A good chunk of Stock Island’s 576 acres is taken up by the 18-hole, Rees Jones-designed Key West Golf Course, just north of the Overseas Highway and open to public play. The course is circled by College Road, a popular biking route, and the island is compact enough that it’s easy to pedal just about anywhere, from the Ocean’s Edge Resort (which offers popular morning yoga classes on standup paddleboards) to the Hurricane Hole Marina, where we spent an afternoon kayaking through the mangroves and ogling nurse sharks on an eco-tour with Lazy Dog Adventures.

A marked trail also makes it simple to get to Key West, about a half-hour by bike from the Perry Hotel on a route that takes you across two bridges and along the water’s edge through New Town before depositing you on Eaton Street in Old Town, just two blocks from the historic seaport at the Key West Bight. From here, you can wheel your way to everything Key West has to offer, from Mallory Square and Duval Street to Dog Beach and the Southernmost Point. (The Perry also offers free daily shuttle service between the resort and the Key West seaport.)

Fishing and excursion boats dock right at the Stock Island Marina, so it’s a short trip from room to cabin for a dolphin-watching trip out to the islands of the Key West National Wildlife Refuge with Namaste Eco-Adventures. Depending on how the political winds are blowing, you also may be able to charter a boat to Cuba from one of the captains who call the marina home.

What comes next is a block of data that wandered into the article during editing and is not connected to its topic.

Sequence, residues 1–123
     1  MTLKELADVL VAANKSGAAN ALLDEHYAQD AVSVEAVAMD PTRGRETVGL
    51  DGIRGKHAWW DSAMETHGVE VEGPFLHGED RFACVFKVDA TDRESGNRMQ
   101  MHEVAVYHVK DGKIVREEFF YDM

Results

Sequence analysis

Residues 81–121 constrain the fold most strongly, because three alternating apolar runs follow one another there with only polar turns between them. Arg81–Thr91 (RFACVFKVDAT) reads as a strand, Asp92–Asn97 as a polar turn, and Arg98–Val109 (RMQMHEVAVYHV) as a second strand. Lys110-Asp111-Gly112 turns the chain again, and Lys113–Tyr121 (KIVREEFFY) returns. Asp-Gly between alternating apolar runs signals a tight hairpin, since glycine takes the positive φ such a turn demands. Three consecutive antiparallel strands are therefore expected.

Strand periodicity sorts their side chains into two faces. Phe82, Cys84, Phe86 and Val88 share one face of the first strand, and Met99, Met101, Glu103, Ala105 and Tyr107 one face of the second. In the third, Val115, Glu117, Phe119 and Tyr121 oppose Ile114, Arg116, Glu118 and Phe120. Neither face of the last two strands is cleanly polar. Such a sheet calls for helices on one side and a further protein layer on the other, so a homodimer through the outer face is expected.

When you’re ready to relax, the marina-facing rooms have balconies overlooking the pool, where you can hear live music drifting over from the poolside Salty Oyster bar or DeLuna’s Bar & Grill just down Shrimp Road—a favorite local spot for Cuban food. We spent more than a few hours sipping rum punch and munching fish tacos from the Salty Oyster by the Perry’s pool, but tried to eat light knowing that dinner at Matt’s Stock Island Grill was in our immediate future.

The Perry’s restaurant is a bright and cheerful place for breakfast and lunch and a bustling and popular destination in the evening, with indoor and outdoor seating and a bountiful menu that includes one of the most abundant seafood towers we’ve ever seen (layers of lobster, tuna ceviche, shrimp and oysters served in a vintage tackle box), tender-at-the-bone cowboy steak, and signature fried chicken sprinkled with Key Lime powder. A mandatory after-dinner walk found us admiring the stars from the end of historic Coconut Row, the rows of houseboats creaking at anchor a reminder that a stay at the Perry makes you—at least temporarily—part of the Stock Island community, not just a tourist.

No Comments Yet

Leave a Reply

Your email address will not be published.